Devlin Fieldhouse came alive when freshman Caleb Daniels threw down a dunk off an alley oop from Melvin Frazier on Saturday, capping a 14-2 run as Tulane pulled within 37-36 of Memphis midway through the second half.

As has almost always been the case, the excitement proved fleeting.

Four years into American Athletic Conference play, Tulane's miserable record at home shows no sign of abating.

The slumping, short-handed Green Wave (13-13, 4-10) played with outstanding intensity for all 40 minutes but made just enough mistakes to lose a winnable game against the Tigers (16-11, 7-7), falling 68-63 while trailing from start to finish. Memphis' victory dropped Tulane to 6-29 in New Orleans against AAC opponents -2-6 this season--and the Wave was kicking itself for a variety of breakdowns in different departments that determined its fifth consecutive defeat.

Four of those losses have come by a combined 16 points.

"It's frustrating," said forward Melvin Frazier, who tied Jordan Cornish for team-high honors with 16 points. "We played a good game, but we just have to pay attention to the little things."

After Daniels' basket, the Tigers stretched their lead quickly by attacking raw freshman center Bul Ajang, the replacement for under-the-weather Blake Paul. They scored nine points on their next four possessions, getting all of their baskets at the rim around Ajang, who did not score in a season-high 29 minutes.

Paul was limited to four minutes, succumbing to a team-wide bug.

"Blake's kind of like all of us," coach Mike Dunleavy said. "He's been treated by doctors, but yesterday in our film session everybody was taking turns who was going to cough first."

With the Wave still hanging around, Memphis guard Jeremiah Martin, the AAC's leading scorer, erupted late.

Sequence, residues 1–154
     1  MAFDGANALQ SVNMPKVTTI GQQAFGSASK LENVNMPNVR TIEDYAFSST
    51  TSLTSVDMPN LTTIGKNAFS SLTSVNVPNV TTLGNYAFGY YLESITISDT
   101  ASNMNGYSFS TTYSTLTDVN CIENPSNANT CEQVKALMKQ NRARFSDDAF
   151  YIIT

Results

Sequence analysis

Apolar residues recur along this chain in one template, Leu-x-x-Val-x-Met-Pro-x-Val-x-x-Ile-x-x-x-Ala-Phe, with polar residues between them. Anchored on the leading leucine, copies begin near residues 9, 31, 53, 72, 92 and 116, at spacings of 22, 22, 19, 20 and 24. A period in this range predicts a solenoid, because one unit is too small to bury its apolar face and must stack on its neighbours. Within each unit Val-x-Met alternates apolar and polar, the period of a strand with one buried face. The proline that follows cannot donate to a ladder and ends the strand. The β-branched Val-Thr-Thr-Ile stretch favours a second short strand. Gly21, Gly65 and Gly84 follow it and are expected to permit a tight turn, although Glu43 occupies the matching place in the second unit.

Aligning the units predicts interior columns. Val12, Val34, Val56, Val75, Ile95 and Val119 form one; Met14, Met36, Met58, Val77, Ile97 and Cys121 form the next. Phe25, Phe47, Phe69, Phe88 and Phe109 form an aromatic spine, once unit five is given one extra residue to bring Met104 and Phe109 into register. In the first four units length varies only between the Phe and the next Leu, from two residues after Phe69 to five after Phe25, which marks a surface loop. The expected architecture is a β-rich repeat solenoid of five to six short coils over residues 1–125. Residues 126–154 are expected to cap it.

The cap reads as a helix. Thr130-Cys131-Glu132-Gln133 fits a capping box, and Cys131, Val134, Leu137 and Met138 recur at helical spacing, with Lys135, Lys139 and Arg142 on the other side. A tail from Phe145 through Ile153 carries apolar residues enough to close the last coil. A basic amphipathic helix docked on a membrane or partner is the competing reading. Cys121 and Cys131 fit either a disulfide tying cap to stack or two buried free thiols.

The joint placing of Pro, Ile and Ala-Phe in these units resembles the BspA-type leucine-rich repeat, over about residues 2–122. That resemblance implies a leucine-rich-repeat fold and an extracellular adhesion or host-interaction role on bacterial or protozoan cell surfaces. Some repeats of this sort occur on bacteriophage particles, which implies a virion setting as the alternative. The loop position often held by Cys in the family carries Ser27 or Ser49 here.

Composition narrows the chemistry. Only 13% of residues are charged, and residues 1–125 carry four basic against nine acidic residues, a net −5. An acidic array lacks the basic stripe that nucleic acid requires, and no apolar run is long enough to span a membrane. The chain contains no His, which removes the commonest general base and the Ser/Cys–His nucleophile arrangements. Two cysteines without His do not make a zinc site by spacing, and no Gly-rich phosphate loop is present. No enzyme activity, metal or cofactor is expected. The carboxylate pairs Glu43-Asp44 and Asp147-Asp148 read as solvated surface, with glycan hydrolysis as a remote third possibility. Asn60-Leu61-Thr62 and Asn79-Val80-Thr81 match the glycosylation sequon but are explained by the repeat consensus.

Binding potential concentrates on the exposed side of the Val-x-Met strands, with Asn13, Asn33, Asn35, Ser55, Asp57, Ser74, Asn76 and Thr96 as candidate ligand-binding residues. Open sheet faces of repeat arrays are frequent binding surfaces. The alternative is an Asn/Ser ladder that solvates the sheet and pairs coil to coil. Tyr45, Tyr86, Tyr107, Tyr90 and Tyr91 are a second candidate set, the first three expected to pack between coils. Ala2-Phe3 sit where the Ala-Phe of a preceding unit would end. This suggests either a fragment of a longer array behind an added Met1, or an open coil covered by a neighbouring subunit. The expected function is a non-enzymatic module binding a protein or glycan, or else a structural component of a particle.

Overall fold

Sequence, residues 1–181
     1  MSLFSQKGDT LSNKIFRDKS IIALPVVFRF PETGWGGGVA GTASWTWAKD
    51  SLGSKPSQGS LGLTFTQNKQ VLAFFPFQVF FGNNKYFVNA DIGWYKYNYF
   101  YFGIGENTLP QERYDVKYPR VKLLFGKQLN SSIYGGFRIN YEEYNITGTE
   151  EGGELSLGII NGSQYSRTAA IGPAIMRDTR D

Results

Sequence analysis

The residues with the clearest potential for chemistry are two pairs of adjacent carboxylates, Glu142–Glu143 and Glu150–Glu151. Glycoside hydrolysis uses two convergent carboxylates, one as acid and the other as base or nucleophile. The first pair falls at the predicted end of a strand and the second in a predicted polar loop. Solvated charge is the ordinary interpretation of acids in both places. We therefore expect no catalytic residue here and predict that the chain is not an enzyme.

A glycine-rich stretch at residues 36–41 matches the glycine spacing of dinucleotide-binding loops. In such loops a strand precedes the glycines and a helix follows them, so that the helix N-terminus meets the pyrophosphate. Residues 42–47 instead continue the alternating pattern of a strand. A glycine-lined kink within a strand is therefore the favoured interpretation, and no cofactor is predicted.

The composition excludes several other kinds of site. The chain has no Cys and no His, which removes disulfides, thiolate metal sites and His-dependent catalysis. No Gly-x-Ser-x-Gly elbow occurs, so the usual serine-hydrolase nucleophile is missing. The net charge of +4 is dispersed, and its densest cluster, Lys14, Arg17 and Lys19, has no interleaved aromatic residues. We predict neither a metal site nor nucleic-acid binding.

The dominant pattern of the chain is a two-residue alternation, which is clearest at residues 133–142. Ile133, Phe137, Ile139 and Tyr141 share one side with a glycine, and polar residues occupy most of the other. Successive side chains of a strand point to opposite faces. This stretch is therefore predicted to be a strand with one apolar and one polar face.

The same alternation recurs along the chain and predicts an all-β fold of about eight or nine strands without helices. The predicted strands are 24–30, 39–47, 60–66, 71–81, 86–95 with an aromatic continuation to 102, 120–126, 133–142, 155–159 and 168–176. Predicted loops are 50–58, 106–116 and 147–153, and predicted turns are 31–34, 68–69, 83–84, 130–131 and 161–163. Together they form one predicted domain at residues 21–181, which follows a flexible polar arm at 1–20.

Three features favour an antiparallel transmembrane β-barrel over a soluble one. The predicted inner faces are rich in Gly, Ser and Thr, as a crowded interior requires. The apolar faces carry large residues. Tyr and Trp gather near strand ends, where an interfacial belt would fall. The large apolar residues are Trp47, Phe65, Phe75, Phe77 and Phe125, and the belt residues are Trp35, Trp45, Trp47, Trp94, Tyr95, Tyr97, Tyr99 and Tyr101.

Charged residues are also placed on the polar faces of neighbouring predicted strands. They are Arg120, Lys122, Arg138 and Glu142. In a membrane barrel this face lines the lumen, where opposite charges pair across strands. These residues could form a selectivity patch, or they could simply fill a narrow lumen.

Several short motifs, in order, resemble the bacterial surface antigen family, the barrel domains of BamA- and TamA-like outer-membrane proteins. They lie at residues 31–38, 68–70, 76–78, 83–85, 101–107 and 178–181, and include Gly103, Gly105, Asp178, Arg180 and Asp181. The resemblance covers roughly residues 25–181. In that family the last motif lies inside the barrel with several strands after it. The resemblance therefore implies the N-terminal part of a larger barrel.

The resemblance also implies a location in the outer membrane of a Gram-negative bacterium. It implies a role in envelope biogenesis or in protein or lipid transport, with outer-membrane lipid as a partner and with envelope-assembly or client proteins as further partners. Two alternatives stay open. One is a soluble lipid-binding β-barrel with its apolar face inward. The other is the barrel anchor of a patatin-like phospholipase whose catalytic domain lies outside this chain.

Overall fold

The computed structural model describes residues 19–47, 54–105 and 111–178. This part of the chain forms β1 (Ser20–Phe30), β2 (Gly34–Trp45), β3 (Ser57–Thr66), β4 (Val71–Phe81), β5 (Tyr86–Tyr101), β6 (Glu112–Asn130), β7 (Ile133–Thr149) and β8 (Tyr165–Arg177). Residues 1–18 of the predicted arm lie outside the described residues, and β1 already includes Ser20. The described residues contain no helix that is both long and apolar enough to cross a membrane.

Martin scored 9 of Memphis' 12 points in a little more than three-and-half-minutes and assisted on the other three, throwing a pass to wide-open teammate Kyvon Davenport after a dribble display.

Martin's last basket in the stretch, on an easy drive, made the score 60-53 with 2:56 left.

"The pick and roll coverages on Martin, we made some mistakes that we didn't do a good enough job of communicating," Dunleavy said. "We were switching from man and zone and let it get away from us there."

Cornish, who got hot at Memphis in a desperation comeback attempt that failed, did it again, draining three treys down the stretch. His final one, which banked in, cut the deficit to 66-63 with 11.6 seconds left.

The Tigers sealed the win on two free throws after being fouled on the ensuing inbounds pass.

"Five games in a row we've let slip away, so it's extremely frustrating," Cornish said. "We've got to just work for the next one."

Another slow start hurt, too. Tulane, which scored 9 points in the first eight minutes against East Carolina on Wednesday, managed eight points in the first 11 minutes this time and shot 8 of 29 (27.6 percent) in the first half.

"The shots we missed were lay-ups around the rim," Dunleavy said. "Some of it was in traffic, but a lot of them were extremely high-percentage shots."

Tulane played without starting point guard Ray Ona Embo, whom Dunleavy said had an adverse reaction to an injection that was supposed to make a bothersome hand better. His replacement, Colin Slater, went scoreless in 20 minutes, missing all four of his shots.

Frazier recovered from an 0-of-5 start to finish 5 of 12, adding four steals and four assists in his most energetic performance since returning from a painful chest bruise he sustained two minutes into the first of the Wave's five consecutive losses. The Wave also fixed it recent free throws woes, going 17 of 20 with Daniels hitting 11 of 12.

Still, it was not enough. Memphis hit 56 percent of its shots, with Martin scoring a game-high 22 points. And when the Tigers finally missed a couple late, they grabbed the rebound and scored, leaving Tulane in 11th place in the AAC. 

"The formula really isn't that hard," Dunleavy said. "It's consistency on a nightly basis, and that's what we're striving for."

Follow Guerry Smith on Twitter, @guersmith